By Angela Dewan and James Frater, CNN
European Union chief Ursula von der Leyen sought to assert the bloc as a global leader on the climate crisis, the Covid-19 pandemic and humanitarian issues in a sweeping speech Wednesday that acknowledged an emerging new world order.
In her State of the Union address to the European Parliament in Strasbourg, France, von der Leyen called on the United States and China to increase efforts on the climate crisis, while announcing plans to challenge their dominance in digital technology, as well as compete with China’s Belt and Road infrastructure initiative.
“This climate and economic leadership is central to Europe’s global and security objectives. It also reflects a wider shift in world affairs at a time of transition towards a new international order,” von der Leyen said.
“We are entering a new era of hyper-competitiveness. An era in which some stop at nothing to gain influence: from vaccine promises and high-interest loans, to missiles and misinformation.”
The US must ‘step up’ on climate funds
She announced an additional €4 billion ($4.7 billion) in climate finance to transfer to developing nations over the years to 2027, while calling on the United States and the bloc’s other allies to “step up” and start paying their fair share.
Developed countries agreed more than a decade ago, and reaffirmed in the 2015 Paris Agreement, to transfer $100 billion a year by 2020 to the developing world to aid their green transformations and to adapt to the impacts of climate change.
Collectively, the world missed that deadline last year. The US has been particularly criticized for transferring nothing during the four years of the Trump administration.
“Team Europe contributes €25 billion a year. But others still leave a gaping hole towards reaching the global target. So closing that gap will increase the chance of success in Glasgow,” von der Leyen said, referring to the UN climate change conference COP26, scheduled for November.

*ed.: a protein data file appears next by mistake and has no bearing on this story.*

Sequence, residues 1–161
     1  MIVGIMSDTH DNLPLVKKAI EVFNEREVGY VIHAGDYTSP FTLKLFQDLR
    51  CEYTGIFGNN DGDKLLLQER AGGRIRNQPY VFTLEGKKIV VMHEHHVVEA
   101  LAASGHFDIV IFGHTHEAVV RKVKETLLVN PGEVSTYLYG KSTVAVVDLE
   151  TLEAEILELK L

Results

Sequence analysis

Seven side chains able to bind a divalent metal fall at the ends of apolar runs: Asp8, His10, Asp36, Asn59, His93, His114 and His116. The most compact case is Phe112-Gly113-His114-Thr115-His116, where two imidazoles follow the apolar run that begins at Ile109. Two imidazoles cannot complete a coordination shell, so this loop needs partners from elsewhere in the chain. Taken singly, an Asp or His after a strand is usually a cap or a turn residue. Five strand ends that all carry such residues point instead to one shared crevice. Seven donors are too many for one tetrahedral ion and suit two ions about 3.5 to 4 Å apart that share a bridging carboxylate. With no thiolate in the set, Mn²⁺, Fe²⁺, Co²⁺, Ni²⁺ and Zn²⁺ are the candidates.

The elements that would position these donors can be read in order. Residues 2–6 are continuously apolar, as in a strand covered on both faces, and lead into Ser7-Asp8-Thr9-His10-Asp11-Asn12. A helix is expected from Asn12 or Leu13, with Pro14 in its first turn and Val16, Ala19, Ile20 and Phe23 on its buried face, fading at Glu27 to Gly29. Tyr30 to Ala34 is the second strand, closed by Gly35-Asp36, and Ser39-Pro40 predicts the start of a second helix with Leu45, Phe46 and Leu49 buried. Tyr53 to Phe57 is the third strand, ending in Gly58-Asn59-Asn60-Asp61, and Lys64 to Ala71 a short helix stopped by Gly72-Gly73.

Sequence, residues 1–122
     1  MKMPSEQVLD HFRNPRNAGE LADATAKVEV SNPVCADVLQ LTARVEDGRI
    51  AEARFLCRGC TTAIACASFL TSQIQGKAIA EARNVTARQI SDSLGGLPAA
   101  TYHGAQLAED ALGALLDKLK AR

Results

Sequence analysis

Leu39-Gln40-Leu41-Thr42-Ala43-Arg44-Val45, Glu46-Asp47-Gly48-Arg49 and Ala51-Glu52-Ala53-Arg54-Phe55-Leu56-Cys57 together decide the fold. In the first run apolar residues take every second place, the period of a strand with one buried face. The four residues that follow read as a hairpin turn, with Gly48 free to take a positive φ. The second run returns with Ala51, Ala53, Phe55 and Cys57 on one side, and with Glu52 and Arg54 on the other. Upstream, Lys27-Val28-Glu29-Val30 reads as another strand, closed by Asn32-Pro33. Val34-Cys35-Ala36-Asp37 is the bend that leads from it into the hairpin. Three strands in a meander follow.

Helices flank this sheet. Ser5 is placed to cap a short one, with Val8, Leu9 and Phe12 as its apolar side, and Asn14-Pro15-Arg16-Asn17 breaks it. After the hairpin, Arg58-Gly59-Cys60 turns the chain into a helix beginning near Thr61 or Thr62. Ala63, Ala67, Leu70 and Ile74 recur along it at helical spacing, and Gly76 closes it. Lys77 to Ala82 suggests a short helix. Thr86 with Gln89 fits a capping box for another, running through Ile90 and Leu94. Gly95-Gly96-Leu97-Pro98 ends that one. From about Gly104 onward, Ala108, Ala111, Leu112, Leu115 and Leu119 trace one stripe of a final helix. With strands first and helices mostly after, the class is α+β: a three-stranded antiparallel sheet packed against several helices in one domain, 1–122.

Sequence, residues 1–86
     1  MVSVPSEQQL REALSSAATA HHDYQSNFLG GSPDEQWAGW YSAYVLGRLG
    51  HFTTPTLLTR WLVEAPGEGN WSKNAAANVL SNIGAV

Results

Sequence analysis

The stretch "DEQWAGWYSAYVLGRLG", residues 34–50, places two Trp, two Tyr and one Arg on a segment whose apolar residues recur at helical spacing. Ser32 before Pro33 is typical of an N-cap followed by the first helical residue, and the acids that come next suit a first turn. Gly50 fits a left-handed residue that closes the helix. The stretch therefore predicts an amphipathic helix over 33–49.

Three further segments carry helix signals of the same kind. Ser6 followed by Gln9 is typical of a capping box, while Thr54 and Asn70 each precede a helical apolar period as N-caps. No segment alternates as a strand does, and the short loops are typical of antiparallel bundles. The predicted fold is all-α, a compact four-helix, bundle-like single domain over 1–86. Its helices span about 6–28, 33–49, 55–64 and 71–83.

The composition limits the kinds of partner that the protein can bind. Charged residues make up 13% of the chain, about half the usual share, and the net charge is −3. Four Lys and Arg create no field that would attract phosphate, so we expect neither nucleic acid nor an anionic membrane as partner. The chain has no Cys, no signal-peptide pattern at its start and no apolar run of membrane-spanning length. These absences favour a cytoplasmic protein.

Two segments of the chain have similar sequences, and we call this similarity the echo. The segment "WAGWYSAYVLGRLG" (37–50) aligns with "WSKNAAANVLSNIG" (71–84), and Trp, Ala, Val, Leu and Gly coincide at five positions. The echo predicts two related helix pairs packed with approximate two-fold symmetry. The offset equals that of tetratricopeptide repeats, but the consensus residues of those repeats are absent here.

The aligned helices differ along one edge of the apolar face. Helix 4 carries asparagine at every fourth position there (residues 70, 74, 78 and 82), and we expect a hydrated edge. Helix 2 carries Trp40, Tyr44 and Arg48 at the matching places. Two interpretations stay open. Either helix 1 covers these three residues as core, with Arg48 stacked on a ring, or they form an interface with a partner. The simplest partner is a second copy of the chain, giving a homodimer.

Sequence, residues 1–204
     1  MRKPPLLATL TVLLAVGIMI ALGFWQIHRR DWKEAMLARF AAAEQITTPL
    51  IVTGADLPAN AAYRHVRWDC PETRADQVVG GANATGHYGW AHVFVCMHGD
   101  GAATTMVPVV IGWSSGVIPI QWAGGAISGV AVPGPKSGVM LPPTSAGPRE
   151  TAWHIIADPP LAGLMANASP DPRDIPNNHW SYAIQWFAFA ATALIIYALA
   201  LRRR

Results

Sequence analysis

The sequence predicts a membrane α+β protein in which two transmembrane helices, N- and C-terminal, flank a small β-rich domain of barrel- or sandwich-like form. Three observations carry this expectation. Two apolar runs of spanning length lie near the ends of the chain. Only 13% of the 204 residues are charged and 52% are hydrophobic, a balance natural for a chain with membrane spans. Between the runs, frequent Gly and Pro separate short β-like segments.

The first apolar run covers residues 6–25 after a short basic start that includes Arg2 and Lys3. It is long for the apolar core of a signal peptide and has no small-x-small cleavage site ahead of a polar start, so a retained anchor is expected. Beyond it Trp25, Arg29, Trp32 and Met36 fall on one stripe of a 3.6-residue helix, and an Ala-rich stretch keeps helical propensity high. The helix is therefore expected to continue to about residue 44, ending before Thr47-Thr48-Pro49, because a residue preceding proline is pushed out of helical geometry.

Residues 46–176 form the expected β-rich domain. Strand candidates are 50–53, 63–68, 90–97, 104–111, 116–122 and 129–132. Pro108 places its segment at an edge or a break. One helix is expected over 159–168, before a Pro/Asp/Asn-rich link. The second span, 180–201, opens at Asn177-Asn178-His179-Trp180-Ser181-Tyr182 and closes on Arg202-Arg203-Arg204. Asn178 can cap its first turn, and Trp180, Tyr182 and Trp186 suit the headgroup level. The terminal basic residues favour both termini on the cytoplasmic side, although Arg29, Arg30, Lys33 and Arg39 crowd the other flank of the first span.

“But we expect the United States and our partners to step up too,” she added. “This is vital because closing the climate finance gap together, the US and the European Union would be such a strong signal for global climate leadership, and it is time to deliver now. We have no time to wait anymore.”
The Biden administration has said it will double the level of climate finance transferred in the Obama administration’s second term, which averaged at around $2.8 billion, but critics — including China and climate activists from the developing world — say it needs to do far more to make up for four years of no finance during the Trump years.
Von der Leyen also referred to the EU’s climate roadmap, known as the European Green Deal, as a model, calling on other countries to come to COP26 with similarly detailed plans.
“You’ve seen the complexity of the detail, but the goal is simple. We will put a price on pollution,” she said.
“We will clean the energy we use. We will have smarter cars and cleaner airplanes, and we will make sure that higher climate ambition comes with more social ambition, because this must be a fair, green transition.”